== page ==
On the heals of scientists discovering that dogs can catch norovirus from humans, a team of researchers from the University of Pennsylvania School of Veterinary Medicine and Penn’s Perelman School of Medicine have discovered that an Epstein-Barr-like virus can infect dogs. The virus may also be responsible for causing cancerous lymphomas in canines.
The Epstein Barr virus is a herpes-type virus and is most commonly known as "the kissing disease" and for causing mononucleosis in people. Over 90 perscent of humans have antibodies for the virus. However, the virus has also been marked as causing more serious conditions in people, including Hodgkin’s, non-Hodgkin’s and Burkitt’s lymphomas.
Little is known about how EBV triggers these cancers. However, the new findings suggest that domestic dogs possess a similar biology to humans with respect to EBV infection. This discovery could allow scientists to study dogs to help uncover the mechanisms by which EBV leads to cancer in certain people. "Discovering that dogs can get infected with this virus like people do may provide us with a long-sought-after model for EBV-associated disease," said Nicola Mason, assistant professor of medicine and pathobiology, and one of the authors of the study at Penn Vet.
In people, the Epstein Barr virus infects B cells. After an acute phase of infection, of which many people are not even aware, the virus goes into a latent phase. Most people show no symptoms during this phase, but, in some people, EBV promotes unnatural growth of B cells, which contributes to the development of lymphoma.
Dogs seem to develop lymphomas that share some characteristics with the human equivalents. These conditions are relatively common in certain breeds. One out of eight Golden Retrievers, for instance, develops lymphoma.
"The paradigm up until now was that EBV only infects humans," Mason said. "It is an extremely successful virus, and most people are infected. Since humans and domestic dogs have cohabited for around 15,000 years, we hypothesized that the virus may have adapted to another host."
In their research Mason’s team obtained samples of blood from client-owned dogs of various breeds brought to Penn Vet for care. In 48 dogs with lymphoma and 41 without the disease, the researchers first looked to see if the pets had antibodies against proteins specific to the EBV capsid, the protein shell of the virus. The test is nearly identical to the one used to detect EBV in humans. They observed that eight of the dogs with lymphoma and three of those without it had high levels of antibodies against EBV proteins, indicating that a portion of the dogs had been exposed to a virus very similar to EBV.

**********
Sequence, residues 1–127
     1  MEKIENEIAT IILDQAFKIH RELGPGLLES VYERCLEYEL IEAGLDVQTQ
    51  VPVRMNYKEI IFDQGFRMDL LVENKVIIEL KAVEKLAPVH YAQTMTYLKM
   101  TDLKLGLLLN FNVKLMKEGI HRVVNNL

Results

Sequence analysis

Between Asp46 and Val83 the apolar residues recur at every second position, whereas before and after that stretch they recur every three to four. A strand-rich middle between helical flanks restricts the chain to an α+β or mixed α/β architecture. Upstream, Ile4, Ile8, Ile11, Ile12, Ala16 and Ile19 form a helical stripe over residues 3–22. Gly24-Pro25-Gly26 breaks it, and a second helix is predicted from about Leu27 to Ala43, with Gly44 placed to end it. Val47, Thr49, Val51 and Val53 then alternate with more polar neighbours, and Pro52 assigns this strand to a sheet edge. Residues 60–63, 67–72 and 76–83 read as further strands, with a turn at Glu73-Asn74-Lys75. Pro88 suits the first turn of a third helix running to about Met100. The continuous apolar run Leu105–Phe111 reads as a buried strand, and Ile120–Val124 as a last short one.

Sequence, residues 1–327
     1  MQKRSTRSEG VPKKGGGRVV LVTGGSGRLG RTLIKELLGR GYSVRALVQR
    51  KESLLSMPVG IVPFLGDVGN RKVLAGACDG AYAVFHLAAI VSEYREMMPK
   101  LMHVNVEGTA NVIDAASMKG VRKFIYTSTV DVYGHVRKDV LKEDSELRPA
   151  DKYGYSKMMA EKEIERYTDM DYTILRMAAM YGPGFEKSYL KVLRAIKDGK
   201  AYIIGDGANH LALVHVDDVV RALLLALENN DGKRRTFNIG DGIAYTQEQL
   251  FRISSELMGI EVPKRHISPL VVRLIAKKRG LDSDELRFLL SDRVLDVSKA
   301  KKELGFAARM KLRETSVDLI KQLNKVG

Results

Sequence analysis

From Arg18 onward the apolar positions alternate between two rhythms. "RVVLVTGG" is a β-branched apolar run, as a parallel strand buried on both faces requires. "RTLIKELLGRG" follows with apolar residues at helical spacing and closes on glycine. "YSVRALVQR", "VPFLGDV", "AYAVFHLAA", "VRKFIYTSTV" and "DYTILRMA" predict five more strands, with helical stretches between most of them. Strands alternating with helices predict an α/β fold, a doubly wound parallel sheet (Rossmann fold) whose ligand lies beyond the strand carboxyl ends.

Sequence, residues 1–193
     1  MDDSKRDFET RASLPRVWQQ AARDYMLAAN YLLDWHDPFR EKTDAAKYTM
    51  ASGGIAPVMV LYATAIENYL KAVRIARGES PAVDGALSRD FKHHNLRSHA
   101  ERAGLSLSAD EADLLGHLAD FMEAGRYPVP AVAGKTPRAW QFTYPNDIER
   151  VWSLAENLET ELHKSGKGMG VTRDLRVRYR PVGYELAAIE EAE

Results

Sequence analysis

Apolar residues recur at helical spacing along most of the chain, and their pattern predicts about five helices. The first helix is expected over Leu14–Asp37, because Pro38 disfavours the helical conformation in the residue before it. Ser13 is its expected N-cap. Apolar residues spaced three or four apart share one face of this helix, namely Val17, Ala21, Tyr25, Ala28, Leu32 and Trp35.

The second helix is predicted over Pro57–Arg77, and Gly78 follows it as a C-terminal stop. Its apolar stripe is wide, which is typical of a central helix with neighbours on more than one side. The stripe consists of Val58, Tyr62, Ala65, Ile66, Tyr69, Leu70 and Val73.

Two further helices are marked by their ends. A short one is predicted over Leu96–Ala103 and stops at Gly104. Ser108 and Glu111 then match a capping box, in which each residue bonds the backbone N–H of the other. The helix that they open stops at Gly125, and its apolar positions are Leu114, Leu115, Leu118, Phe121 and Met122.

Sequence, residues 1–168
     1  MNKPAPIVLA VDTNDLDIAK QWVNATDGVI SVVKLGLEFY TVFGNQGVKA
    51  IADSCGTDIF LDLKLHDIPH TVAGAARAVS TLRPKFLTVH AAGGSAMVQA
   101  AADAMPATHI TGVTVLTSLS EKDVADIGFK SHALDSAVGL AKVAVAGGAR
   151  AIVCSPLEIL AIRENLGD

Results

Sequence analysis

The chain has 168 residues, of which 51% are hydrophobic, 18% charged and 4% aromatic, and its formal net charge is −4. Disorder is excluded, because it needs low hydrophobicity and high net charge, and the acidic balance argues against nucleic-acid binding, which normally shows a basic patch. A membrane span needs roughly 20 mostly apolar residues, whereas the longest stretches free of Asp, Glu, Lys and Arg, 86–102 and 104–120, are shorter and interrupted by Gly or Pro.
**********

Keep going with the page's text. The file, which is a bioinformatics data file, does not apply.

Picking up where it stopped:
The presence of antibodies confirms if a dog has been exposed to a virus or not. But the researchers wanted to know whether the virus had a direct association with the tumors in dogs with lymphoma. So next they tested the lymphomas to see if they could find virus in the dog tumors. Using DNA testing the researchers analyzed lymph nodes of dogs with B cell lymphoma and found a portion of DNA very similar to one in EBV in two sick dogs.
They repeated similar tests with other stretches of EBV DNA, and examined the cancerous B cells under an electron microscope. Both tests revealed what appeared to be viral indicators similar to what is found in humans with EBV-linked lymphomas.
Taken together the evidence points to dogs are natuarally infected with a virus similar or identical to EBV in people. And just like in people that develop lymphomas, the virus appears to be linked to cases of canine lymphomas as well.
The fact that the virus is so widespread in people, but only a small percentage of people develop cancers from the virus, indicates there may be a genetic component to being susceptible to developing an EBV-associated cancer. "With additional studies within certain breeds of dog we hope to provide insights into genetic factors that may predispose to virus associated lymphoma," said Mason. "Furthermore, this spontaneous dog model may help us evaluate new treatments for EBV-related lymphomas or investigate strategies to prevent those cancers from developing in the first place." The discovery is sure to have an impact on the research and care for both dogs and people affected with the cancer.
Mason’s team at Penn Vet included Shih-Hung Huang, Philip Kozak, Jessica Kim, George Habineza-Ndikuyeze, Charles Meade, Anita Gaurnier-Hausser and Reema Patel. The team also worked closely with Erle Robertson, professor of microbiology at the Perelman School of Medicine. Their work was published online March 8 in the journal Virology.
Shih-Hung Huang, Philip J. Kozak, Jessica Kim, Georges Habineza-Ndikuyeze, Charles Meade, Anita Gaurnier-Hausser, Reema Patel, Erle Robertson, Nicola J. Mason. Evidence of an oncogenic gammaherpesvirus in domestic dogs. Virology, 2012; DOI: 10.1016/j.virol.2012.02.013
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